The only person that night whom I felt I should not let in was, to my chagrin, Schechner, my hero and artistic father, playing a dirty old man. Against my better judgement, I let him enter. Sure enough, in the middle of the piece, he set his sights on an actress, convincing her that if she left his side, he would die by stopping breathing, which he did when she tried to leave him. Showing a weakness in my workshop discipline training, she bought into it and would not follow the ritual or my directions. There was a part in the ritual where everyone lies down, eyes closed. When this point was reached, I took my cast, except the woman, out into the lobby for a huddle. In the script, there was a point when everyone was to be frozen, then to be unfrozen by a kiss. I told my cast just to not kiss Schechner and the woman until the end of the play. But they would give the two a loving massage. With this plan, we went back in and continued the performance. Schechner was amazing as the frozen figure, the ritual flowing uninterrupted around him for over two hours. I think I passed his test to see what I was made of and to see how flexible I was.
We did this performance, Inter-Relations, on a Thursday and a Friday. The trance of the temporary community was so great that the same audience came back for the second night. This often happens in my work.
Inter-Relations was focused on clothes...undressing, dressing, exchanging clothes, using clothes to tell your life story. After I did it a number of times, I began to realize that I could never predict what the performance would be like. The cast, in street clothes, came in with the audience. Everyone sat on the floor, so that there was no way to tell who was the cast and who was the audience. So when the cast started to do their unspoken ritual, members of the audience slowly copied the actions, even undressing in slow motion. I began to think that this merging into one group was the natural beginning of the ritual; that is, until one night I stupidly left a piece of carpet on a part of the floor. The real audience crowded onto the carpet, leaving the actors the bare floor. So that night, the audience watched from the rug a boring ritual...boring because there was no magical participation by the audience. I learned the hard way that everything in the performance reality is important, even a rug!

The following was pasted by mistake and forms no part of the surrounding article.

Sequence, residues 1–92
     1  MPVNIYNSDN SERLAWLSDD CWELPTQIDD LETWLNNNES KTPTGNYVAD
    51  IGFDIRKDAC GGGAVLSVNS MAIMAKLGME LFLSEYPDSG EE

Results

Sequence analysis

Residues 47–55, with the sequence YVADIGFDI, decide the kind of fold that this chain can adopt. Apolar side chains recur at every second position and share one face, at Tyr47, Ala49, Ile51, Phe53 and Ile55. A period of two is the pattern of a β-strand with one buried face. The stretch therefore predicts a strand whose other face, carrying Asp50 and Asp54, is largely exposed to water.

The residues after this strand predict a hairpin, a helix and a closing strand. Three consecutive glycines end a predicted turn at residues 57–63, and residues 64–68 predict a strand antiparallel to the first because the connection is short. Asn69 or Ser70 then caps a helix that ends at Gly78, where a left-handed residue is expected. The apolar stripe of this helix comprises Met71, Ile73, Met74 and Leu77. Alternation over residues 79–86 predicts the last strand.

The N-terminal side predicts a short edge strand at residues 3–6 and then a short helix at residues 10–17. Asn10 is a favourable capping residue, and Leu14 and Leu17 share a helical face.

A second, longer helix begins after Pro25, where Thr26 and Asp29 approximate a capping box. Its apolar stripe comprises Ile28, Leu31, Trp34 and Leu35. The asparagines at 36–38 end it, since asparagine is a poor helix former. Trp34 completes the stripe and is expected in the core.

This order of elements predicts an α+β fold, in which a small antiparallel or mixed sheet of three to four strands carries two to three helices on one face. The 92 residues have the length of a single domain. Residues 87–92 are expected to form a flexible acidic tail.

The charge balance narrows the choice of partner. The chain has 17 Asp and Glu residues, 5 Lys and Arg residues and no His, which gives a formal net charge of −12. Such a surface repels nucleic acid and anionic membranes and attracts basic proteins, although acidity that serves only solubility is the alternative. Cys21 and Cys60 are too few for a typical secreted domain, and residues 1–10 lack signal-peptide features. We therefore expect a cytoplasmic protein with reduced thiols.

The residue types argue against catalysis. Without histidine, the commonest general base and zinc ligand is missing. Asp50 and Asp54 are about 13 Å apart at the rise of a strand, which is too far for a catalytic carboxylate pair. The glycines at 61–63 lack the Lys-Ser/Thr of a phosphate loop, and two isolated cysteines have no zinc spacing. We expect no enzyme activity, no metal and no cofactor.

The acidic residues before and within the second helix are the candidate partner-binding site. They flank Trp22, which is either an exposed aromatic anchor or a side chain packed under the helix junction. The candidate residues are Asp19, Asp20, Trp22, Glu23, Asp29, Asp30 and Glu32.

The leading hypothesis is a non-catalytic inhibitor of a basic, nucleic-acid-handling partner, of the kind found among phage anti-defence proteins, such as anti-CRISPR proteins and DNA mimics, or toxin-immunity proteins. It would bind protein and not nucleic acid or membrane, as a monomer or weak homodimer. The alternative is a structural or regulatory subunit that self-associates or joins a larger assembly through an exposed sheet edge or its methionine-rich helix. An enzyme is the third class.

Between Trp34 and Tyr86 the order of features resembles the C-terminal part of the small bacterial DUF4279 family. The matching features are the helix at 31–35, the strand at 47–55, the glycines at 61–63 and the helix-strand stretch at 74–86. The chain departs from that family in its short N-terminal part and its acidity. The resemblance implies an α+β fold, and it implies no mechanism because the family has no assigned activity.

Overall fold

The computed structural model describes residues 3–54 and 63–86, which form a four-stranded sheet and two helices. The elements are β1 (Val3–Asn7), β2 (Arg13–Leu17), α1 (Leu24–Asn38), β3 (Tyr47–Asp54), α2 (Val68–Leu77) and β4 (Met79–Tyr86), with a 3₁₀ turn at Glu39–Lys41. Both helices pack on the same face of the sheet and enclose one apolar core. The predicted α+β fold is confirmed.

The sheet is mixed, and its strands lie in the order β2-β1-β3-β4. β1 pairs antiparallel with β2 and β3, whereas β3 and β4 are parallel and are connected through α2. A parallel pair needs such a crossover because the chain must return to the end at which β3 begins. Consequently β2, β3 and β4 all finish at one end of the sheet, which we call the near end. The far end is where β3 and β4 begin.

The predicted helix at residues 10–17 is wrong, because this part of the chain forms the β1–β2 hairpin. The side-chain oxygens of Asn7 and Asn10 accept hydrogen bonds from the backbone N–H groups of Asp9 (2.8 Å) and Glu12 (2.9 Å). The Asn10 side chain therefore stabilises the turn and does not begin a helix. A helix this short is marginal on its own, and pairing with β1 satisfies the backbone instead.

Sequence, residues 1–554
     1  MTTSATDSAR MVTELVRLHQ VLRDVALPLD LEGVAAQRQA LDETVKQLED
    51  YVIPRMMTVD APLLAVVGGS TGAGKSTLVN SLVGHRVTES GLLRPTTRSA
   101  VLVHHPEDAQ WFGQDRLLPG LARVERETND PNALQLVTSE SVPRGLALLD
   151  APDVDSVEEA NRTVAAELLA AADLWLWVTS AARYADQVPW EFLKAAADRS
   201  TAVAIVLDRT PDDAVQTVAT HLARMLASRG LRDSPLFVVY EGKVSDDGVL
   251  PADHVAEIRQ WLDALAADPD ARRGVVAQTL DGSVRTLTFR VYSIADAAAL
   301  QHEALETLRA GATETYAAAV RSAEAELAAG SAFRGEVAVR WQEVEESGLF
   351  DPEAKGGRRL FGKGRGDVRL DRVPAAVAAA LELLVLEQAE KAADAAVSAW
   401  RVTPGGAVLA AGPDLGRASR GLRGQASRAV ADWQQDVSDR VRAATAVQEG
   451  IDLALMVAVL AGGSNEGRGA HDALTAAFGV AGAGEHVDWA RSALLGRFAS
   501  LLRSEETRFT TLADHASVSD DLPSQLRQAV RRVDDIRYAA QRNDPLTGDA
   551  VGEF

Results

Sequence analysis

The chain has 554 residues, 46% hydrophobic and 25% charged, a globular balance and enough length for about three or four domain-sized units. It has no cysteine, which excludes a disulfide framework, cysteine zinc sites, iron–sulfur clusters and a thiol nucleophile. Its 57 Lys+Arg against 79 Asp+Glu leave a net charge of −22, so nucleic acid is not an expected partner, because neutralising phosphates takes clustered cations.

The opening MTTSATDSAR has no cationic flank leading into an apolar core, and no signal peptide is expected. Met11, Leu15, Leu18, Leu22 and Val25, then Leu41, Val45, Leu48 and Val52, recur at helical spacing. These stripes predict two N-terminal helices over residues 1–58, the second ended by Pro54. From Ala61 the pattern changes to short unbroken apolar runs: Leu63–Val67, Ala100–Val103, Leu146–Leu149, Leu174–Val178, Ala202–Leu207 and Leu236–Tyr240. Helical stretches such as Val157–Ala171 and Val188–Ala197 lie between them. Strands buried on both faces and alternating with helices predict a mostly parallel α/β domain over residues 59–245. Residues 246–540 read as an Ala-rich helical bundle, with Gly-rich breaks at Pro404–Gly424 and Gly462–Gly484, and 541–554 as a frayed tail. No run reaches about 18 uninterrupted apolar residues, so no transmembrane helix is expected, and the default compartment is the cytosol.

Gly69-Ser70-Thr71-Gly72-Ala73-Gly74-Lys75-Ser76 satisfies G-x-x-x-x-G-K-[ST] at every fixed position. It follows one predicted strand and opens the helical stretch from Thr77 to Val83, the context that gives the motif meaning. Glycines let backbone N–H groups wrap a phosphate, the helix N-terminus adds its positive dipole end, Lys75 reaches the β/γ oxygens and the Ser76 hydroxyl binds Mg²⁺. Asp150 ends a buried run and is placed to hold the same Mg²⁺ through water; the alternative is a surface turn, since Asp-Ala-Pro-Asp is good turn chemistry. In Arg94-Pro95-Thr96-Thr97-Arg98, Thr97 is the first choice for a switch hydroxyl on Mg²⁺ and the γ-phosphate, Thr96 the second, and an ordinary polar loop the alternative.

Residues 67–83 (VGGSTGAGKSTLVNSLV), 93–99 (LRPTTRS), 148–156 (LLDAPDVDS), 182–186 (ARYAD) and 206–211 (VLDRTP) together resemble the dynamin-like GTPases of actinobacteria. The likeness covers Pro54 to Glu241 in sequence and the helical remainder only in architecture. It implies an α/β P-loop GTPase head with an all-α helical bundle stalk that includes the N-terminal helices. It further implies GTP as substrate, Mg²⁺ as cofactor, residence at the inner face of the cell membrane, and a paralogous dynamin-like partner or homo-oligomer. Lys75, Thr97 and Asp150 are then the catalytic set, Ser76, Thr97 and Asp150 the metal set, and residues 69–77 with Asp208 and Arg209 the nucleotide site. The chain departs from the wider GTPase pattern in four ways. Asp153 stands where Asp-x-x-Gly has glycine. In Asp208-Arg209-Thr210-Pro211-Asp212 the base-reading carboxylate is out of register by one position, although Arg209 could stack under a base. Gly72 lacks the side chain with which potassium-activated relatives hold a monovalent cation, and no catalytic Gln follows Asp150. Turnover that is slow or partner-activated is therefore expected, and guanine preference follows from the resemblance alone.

Even though this was a scripted ritual, there were parts which could change the whole night depending on how they were done. For example, when each person, one by one, redresses, he describes each item as he is putting it on. There are many ways of doing this. When the first "real" person said: "This is my red sock," I knew the piece would be short and shallow, because all the real audience members would follow the short pattern. If, on the other hand, the first real person said: "This is the slime green shirt that Bobbie left when we broke up...," I knew we would be there for hours because each person would bare his soul. I learned how to pick the right person, someone who was sensitive. For some reason, it didn't work to pick a cast member for the first person. These are the kind of secret things the artist only learns by doing one piece over and over.
Photos (from top to bottom): Linda Mac, Linda Mac, Kevin Rice, Kevin Rice